The higher the standard of proof, the harder it is for the party bearing the burden of proof to prove its case. Thus, the choice of a standard of proof reflects a policy determination of what kinds of mistakes by decision-makers we can most tolerate. For example, we place a very high burden on government in criminal cases, because we say that "it is better that 10 guilty people go free than that one innocent person be convicted." If we wanted most guilty people to be convicted and were not so concerned about wrongly convicting innocent people, we could require the government to show only that a person "may" be guilty. Exactly the same principles apply to what kinds of errors we prefer for hazardous/unsafe chemicals, and the standard of proof we therefore should adopt. Also, the standard of proof could conceivably be different for different classes of chemicals.
For a chemicals statute to provide the greatest protection for human health and the environment, whenever the burden of proof is placed on industry, the standard of proof should be as high as possible (making the test harder to meet). Whenever the burden of proof is placed on government, the standard of proof should be as low as possible (making the test easier to meet so that government can best act on early warnings).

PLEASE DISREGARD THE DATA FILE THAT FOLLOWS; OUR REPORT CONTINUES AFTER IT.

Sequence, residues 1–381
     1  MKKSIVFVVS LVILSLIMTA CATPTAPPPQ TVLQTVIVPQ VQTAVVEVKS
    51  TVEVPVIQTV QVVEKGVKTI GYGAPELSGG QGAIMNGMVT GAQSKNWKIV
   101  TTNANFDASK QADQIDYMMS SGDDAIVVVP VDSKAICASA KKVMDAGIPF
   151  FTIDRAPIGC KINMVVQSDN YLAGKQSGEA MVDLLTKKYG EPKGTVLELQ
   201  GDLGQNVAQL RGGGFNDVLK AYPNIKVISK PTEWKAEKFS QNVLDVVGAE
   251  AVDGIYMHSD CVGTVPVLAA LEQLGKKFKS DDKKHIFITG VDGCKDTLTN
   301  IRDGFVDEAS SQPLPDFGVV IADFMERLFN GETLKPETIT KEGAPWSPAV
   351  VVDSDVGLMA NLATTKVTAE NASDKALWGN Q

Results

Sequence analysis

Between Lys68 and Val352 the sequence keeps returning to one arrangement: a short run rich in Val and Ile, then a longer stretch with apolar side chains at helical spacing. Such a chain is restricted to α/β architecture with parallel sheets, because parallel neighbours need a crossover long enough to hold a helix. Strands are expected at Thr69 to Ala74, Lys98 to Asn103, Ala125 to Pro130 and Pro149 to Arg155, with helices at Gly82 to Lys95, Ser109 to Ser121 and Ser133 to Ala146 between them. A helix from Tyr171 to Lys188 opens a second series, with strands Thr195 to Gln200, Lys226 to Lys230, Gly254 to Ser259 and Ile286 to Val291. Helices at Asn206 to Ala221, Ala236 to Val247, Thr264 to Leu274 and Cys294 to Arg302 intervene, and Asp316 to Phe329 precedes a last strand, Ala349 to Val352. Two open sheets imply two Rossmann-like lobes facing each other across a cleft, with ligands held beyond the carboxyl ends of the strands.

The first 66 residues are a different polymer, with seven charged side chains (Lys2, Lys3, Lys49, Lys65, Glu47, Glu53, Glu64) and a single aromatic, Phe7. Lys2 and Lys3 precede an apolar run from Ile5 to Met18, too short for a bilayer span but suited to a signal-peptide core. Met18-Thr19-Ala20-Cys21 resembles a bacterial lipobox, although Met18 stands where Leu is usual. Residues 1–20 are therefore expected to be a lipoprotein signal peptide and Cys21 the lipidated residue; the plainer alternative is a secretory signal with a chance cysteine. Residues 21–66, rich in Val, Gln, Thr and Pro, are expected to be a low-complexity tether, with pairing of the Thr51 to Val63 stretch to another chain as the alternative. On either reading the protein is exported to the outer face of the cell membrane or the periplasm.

C. What Has to be Proved to Meet the Test?
The last of the three elements is what the person with the burden of proof has to prove.
As we will see in the next section, various chemicals laws require proof most commonly of some or all of the following four factors in different degrees and combinations:
(1) whether a chemical is a hazard to human health and/or the environment;
(2) whether a chemical presents a risk to human health and/or the environment;
(3) social/economic factors, such as cost-benefit criteria; and
(4) whether safer alternatives are available.
Other requirements are sometimes incorporated as well, as we will see.
There are many possibilities for what a person with the burden of proof can be required to show, subject only to one's imagination. Also, what has to be proved can be different for different classes of chemicals. For example, under REACH once a chemical is classified as "highly dangerous," industry must prove various elements under the Authorization process.